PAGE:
Besides, the argument in favor of two spaces isn’t any less arbitrary. Samantha Jacobs, a reading and journalism teacher at Norwood High School in Norwood, Colo., told me that she requires her students to use two spaces after a period instead of one, even though she acknowledges that style manuals no longer favor that approach. Why? Because that’s what she’s used to. “Primarily, I base the spacing on the way I learned,” she wrote me in an email glutted with extra spaces.

Several other teachers gave me the same explanation for pushing two spaces on their students. But if you think about, that’s a pretty backward approach: The only reason today’s teachers learned to use two spaces is because their teachers were in the grip of old-school technology. We would never accept teachers pushing other outmoded ideas on kids because that’s what was popular back when they were in school. The same should go for typing. So, kids, if your teachers force you to use two spaces, send them a link to this article. Use this as your subject line: “If you type two spaces after a period, you’re doing it wrong.”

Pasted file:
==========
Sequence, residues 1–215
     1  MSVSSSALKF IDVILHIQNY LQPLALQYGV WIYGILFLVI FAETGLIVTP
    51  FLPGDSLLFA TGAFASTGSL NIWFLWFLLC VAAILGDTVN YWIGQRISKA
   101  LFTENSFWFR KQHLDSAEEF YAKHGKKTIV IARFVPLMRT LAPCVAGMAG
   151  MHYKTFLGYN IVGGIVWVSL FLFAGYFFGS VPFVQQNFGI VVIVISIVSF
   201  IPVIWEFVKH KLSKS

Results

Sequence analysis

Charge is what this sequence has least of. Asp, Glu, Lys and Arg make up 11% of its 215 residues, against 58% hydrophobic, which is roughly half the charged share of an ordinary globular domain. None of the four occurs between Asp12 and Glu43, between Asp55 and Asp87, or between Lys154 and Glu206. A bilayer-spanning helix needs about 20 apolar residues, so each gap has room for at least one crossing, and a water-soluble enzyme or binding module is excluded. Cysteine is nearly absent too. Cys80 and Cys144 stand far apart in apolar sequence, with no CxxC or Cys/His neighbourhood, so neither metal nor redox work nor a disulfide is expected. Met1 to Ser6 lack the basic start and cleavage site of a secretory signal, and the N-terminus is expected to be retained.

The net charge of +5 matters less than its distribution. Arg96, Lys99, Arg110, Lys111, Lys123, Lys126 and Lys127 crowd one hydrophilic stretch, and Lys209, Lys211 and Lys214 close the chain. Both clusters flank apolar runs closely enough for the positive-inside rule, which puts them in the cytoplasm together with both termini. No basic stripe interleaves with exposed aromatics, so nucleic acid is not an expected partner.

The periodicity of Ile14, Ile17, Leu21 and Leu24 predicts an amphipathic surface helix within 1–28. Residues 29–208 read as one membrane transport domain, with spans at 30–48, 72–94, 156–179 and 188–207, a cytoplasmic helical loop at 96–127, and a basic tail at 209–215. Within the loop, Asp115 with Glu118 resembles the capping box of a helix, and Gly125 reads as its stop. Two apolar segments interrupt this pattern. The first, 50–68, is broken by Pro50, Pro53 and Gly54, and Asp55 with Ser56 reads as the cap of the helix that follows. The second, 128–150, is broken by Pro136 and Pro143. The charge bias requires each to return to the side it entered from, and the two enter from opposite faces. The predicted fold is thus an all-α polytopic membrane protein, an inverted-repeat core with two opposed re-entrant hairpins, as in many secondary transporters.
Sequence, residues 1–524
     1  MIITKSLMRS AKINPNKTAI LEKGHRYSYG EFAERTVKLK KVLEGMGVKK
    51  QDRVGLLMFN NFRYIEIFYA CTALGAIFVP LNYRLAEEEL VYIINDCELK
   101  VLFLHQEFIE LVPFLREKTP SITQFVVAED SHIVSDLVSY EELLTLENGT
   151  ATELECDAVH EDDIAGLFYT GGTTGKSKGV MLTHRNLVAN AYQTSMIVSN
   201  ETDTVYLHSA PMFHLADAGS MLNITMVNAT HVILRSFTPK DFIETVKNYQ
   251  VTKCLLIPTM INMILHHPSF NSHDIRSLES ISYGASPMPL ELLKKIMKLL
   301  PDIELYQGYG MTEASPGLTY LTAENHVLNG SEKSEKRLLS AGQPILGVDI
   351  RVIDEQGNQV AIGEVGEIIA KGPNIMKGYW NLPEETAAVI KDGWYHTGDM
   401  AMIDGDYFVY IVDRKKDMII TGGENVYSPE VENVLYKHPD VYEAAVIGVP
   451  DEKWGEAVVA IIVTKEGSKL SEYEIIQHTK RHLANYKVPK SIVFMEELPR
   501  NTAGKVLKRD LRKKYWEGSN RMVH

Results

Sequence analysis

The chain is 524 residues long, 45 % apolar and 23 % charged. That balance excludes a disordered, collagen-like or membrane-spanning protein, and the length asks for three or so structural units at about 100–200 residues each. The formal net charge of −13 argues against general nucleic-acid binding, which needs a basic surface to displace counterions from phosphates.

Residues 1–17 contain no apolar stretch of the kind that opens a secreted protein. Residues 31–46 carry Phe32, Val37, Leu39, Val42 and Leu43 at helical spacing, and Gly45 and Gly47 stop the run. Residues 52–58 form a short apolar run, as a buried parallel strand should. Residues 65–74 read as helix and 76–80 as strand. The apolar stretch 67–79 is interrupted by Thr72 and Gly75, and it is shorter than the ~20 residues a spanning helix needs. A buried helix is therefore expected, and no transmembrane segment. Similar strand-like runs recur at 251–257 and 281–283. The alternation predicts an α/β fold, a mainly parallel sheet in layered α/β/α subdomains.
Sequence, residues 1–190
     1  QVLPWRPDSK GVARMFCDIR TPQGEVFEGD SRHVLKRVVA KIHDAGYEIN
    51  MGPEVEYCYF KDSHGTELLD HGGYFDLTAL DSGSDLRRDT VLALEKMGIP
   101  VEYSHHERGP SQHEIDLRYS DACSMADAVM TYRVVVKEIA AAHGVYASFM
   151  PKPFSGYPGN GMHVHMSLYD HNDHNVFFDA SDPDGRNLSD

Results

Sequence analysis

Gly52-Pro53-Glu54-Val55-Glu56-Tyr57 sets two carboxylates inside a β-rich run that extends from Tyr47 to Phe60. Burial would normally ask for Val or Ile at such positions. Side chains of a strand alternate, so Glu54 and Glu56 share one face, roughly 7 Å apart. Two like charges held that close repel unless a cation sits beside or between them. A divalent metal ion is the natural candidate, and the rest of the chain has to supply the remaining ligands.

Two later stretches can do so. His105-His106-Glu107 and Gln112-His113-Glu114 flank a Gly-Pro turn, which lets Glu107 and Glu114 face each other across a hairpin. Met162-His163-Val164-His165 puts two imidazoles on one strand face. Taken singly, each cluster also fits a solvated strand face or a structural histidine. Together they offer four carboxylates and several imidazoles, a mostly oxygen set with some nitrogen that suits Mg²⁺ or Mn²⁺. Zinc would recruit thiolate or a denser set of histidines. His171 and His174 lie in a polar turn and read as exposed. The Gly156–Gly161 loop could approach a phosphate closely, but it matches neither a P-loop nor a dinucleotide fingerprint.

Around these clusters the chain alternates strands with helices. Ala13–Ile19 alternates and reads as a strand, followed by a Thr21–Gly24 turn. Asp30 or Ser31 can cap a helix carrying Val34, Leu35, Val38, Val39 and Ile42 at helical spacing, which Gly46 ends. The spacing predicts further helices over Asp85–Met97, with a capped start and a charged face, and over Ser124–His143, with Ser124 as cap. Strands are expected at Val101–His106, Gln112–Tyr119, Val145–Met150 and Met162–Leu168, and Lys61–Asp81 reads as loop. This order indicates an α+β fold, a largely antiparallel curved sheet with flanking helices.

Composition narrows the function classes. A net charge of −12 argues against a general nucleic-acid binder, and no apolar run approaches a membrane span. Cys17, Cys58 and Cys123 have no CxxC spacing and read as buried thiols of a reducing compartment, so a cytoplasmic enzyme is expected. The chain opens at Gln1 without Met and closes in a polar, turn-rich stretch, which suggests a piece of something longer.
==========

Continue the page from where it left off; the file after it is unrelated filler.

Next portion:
*Correction:  This article originally asserted that—in a series of emails described as “overwrought, self-important, and dorky”—WikiLeaks founder Julian Assange used two spaces after every period. Assange actually used a monospace font, which made the text of his emails appear loose and uneven. (Return.)

Farhad Manjoo is a technology columnist for the New York Times and the author of True Enough.